The State of Sanitation Around the World – What Statistics Say
We Take Sanitation for Granted
Those of us who live in the developed world have easy access to a good sanitation infrastructure, clean water, toilets, an effective sewage system. Department stores are filled with products to help maintain good hygiene. Those who have the resources don’t even have to worry about laundry; they can use the services of companies that provide laundry and dry-cleaning services. But what about those in less developed countries?
According to a World Health Organisation report, diarrhea related disease, caused primarily by poor sanitation and hygiene practices, remains the second leading cause of death among children under five years of age. In fact, diarrhea kills 760,000 children under the age of five each year. Globally, there are 1.7 billion cases of diarrhea each year. Diarrhea is not just a killer, it is also the leading cause of malnutrition among children under the age of five. Diarrhea is so easily preventable and treatable, but the lack of good sanitation and hygiene is what thwarts those trying to fight this disease.
State of Sanitation around the World
According to United Nations’ estimates, 2.5 billion people around the world still do not use a good sanitation facility. Sadly, a little over 1 billion people still practice open defecation. There has been some progress over the years. Since 1990, almost 1.9 billion people have gained access to improved sanitation facilities. The greatest progress has been in East Asia, where sanitation coverage improved from 27% in 1990 to 67% in 2011. However, sub-Saharan Africa and Southern Asia are still behind.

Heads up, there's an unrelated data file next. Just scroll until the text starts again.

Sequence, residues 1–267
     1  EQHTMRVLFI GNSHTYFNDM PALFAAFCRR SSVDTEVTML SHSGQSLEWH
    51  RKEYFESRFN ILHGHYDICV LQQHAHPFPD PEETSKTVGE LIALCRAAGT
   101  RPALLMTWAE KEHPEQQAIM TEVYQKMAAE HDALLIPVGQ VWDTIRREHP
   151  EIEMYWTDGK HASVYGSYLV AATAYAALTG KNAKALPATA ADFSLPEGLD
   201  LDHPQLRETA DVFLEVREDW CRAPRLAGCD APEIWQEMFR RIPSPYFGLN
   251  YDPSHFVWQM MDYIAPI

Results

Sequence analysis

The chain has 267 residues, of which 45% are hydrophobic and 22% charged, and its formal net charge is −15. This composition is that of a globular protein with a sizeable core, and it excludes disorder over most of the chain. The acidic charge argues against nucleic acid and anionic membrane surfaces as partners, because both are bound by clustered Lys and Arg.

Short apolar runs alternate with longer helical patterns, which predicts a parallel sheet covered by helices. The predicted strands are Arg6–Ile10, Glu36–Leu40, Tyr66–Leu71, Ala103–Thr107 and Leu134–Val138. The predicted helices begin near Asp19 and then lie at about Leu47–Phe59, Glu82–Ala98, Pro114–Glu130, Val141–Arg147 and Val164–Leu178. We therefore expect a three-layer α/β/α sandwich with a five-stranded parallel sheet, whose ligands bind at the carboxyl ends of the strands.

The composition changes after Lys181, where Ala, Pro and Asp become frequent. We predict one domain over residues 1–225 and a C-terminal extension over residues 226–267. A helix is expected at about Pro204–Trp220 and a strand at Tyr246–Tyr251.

In sub-Saharan Africa, 44% of the population uses either shared or very basic facilities; an estimated 26% still resorts to open defecation. In Southern Asia, the segment of the population using shared or very basic facilities has declined to 18%, but open defecation remains the highest of any region, with 39% of the population still resorting to this practice. The 2015 Millennium Development Goal target to reduce by half the proportion of the population without access to proper sanitation facilities was missed by almost 700 million people.
Health Impact of Poor Sanitation
According to “Sanitation and Health”, a paper written by Duncan Mara, Jon Lane, Beth Scott and David Trouba, lack of sanitation contributes to approximately 10% of the disease burden across the world. The most common health impact of poor sanitation is diarrhea, which in turn also causes malnutrition and stunted growth. A study in Salvador, Brazil, found that an increase in sewerage coverage from 26% to 80% of the target population resulted in a 22% reduction of the incidence of diarrhea in children under 3 years of age. Malnutrition can make young children susceptible to acute respiratory infections.
Another health impact of poor sanitation is the prevalence of tropical diseases such as trachoma, a leading cause of blindness, hookworm, a gastrointestinal infection, and schistosomiasis, which can cause chronic debilitation. It isn’t just sanitation related to the environment but also your own body and your clothes that will ensure the best hygiene and therefore health, say experts at Regalia Club.
Lack of water, sanitation and hygiene and its effects on nutrition
The WASH Initiatives are Tackling Global Sanitation Issues
WASH stands for Water, Sanitation and Hygiene. UNICEF has various programs spread across many countries to address each of these aspects. UNICEF’s water programs are aimed at increasing the access of children to safe water, by working on the quality of the water they have access to, and the distance they must travel to access this water. With regards to sanitation, UNICEF is focusing on access to and use of basic toilets, and also ways to separate human waste from contact with people. UNICEF is also endeavoring to promote good hygiene practices, especially hand-washing with soap.
The Centers for Disease Control’s global WASH program, spread across 30 countries, is working on providing access to clean water, improving hygiene and sanitation, providing its own expertise by responding to international outbreaks, working on controlling the spread of diseases, and training and educating about its global WASH program.